Practical stories: The Toodyay experience: connecting with men in disaster recovery

Ryan Hamblion

Ryan Hamblion reflects on some of the lessons learned from the 2009 Toodyay fire recovery.


On 29 December 2009, a bushfire event occurred in the Toodyay area (approx 50 kilometres north east of Perth). It resulted in one of most damaging bushfires in Western Australia’s history.

The fire conditions at the time were some of the worst seen in Western Australia and a Total Fire Ban was declared for the Lower West Inland (including Toodyay) on Monday 28 December 2009.

The terrain in the Toodyay area varies considerably and was significant in not only influencing the fire behaviour and winds, but also the accessibility for fire crews to combat the fire in certain areas.

The Toodyay fire was restricted to the west of the town, located in the far north east part of the Lower West inland fire district. It had started near River Road south of the Avon River and west of Folewood Road. It was eventually brought under control close to the Clackline-Toodyay Road south of the town site.

The fire destroyed a total of 38 homes and approximately 3 000 hectares of land, causing extensive damage estimated at more than $50 million. No lives were lost and only minor injuries were reported1.

Recovery after the fires included a traditional casework and recovery approach; however, this did not seem to be effective for men affected by the fire. Different ways of working had to be developed.


Here comes a suit

Experience shows that it is harder for country people to relate to a recovery worker in a suit, as this is often associated with receiving bad news, visiting the ‘bank manager’ or dealing with the bureaucratic system.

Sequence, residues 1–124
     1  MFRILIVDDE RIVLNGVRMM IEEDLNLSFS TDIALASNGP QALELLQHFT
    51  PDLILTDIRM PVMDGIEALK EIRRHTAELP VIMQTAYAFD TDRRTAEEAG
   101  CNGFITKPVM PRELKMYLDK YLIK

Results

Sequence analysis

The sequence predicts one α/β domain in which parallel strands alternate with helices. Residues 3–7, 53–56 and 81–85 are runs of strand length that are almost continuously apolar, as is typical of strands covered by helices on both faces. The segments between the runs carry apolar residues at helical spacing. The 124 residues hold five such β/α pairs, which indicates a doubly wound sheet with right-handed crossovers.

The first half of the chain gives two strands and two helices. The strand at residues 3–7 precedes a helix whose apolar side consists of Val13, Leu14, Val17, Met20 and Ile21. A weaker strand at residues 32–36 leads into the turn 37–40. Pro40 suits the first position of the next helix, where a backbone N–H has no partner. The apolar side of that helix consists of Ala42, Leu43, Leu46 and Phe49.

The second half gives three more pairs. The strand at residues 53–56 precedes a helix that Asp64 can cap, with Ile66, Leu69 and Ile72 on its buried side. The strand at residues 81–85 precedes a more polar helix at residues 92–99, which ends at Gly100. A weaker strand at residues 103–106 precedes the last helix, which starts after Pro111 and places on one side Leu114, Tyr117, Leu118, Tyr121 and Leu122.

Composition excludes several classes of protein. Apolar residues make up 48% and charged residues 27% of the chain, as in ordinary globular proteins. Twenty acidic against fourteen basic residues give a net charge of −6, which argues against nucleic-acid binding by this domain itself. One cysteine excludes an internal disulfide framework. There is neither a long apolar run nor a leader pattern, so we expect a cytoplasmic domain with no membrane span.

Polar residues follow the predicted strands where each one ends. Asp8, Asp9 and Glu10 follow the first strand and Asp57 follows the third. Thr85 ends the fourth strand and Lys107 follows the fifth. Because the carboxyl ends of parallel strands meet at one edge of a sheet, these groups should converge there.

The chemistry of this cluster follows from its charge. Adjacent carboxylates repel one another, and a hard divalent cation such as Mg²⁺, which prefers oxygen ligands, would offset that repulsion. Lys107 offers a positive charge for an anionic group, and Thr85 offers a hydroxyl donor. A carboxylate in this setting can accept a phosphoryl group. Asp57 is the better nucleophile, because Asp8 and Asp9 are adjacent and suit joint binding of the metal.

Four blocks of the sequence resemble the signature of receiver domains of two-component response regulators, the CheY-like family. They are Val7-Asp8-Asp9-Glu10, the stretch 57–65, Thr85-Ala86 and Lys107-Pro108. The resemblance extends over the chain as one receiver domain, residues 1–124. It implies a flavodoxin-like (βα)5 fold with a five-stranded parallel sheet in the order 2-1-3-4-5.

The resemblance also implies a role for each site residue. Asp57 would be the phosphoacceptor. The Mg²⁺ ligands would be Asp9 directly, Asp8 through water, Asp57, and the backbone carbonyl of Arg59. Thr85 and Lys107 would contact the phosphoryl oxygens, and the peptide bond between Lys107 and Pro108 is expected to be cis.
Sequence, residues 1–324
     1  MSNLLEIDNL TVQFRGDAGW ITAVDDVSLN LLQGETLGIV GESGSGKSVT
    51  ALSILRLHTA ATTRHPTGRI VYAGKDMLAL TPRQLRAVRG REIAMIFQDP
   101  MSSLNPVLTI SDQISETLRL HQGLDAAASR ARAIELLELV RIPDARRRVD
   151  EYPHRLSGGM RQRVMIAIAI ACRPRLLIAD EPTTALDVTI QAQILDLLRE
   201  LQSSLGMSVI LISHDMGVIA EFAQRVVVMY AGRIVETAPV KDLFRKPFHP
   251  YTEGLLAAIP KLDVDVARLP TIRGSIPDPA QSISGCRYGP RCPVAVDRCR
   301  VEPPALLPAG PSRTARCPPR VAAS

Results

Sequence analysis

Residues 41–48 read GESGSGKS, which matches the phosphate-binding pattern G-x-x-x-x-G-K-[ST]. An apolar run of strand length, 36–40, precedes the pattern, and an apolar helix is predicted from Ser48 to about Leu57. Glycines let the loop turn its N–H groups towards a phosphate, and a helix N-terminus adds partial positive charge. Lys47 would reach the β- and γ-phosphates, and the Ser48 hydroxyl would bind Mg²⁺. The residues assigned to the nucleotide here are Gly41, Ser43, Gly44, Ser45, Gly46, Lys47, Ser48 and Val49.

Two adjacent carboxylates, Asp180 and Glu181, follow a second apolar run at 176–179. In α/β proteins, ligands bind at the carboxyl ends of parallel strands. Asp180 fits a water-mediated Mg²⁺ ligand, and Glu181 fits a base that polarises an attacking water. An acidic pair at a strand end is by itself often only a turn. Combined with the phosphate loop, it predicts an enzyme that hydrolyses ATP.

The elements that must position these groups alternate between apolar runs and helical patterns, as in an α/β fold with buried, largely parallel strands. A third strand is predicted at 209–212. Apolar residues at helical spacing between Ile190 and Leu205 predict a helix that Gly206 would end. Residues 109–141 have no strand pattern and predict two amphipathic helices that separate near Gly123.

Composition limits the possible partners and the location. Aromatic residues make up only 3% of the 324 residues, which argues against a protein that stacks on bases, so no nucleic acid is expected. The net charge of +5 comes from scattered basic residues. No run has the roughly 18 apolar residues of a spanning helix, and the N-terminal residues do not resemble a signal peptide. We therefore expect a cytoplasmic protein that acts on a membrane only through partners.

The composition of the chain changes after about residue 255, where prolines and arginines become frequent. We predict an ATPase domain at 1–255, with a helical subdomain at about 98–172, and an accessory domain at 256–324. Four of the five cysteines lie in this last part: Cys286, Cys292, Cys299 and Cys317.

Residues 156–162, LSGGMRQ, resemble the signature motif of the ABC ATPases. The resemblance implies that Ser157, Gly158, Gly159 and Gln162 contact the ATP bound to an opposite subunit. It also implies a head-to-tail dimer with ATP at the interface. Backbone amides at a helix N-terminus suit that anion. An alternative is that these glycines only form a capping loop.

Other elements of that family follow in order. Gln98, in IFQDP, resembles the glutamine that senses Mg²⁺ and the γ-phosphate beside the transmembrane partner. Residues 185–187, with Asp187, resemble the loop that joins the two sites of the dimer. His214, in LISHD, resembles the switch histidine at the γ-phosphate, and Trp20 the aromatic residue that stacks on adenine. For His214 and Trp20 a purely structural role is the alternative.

Get out there

Committees are all well and good but nothing beats getting out into the community to talk with people – especially men. Meeting people on their property and seeing firsthand what has happened or sitting down for smoko at the pub with recovery workers goes a lot further than sitting in an office expecting people to visit.

Provide support in comfortable social places

Providing information and support services through clubs and social places where people are already connected worked well for reaching some affected men. Places like Men’s Sheds, Bowls Clubs and service clubs were good places to leave information and spend time to find out what was going on and who might need support.


Building trust led to people helping to identify who needed support. Trusting the confidentiality of what was said to the worker was a crucial part of making this work. Trust and confidentiality meant being able to identify and support men before a major breakdown occurred.

Small, practical steps build trust

Being from a government department can be a barrier to gaining the trust of men affected by a disaster. Providing practical help in small ways such as food vouchers builds trust to work on the bigger issues such as insurance claims. Sorting out practical support means there is a greater chance of introducing emotional supports like counselling. It is important to let men know this doesn’t mean lying on a couch and telling someone about innermost secrets. People can find counselling useful and it was not a sign of weakness to accept help.

Watch out for survivor guilt

Recovery workers found issues like survivor guilt weighed very heavily on some men. It was important to listen to what members of the community were saying about who might be affected and who might need immediate support. Identifying people to prioritise in relation to offering support was less about houses lost or structural damage.

Keep an eye out for your mate

Even when men were not prepared to accept help for themselves they were more often than not ready to keep an eye out for their friends. Many men did not want to talk in depth about how they were doing, but they were interested in knowing how to help their friends. Providing mental health first aid tips about what signs to look out for in the behaviour of their friends worked as a way of reaching men with information about depression and anger. It provided good opportunities to hear more about what men were experiencing.

Further Information

Ryan Hamblion, Department for Child Protection, Emergency Services Unit Email:

1. Fire and Emergency Services Authority (2010). Major Incident Review of Toodyay Fire December 2009 – Final.
Available at pp3-5.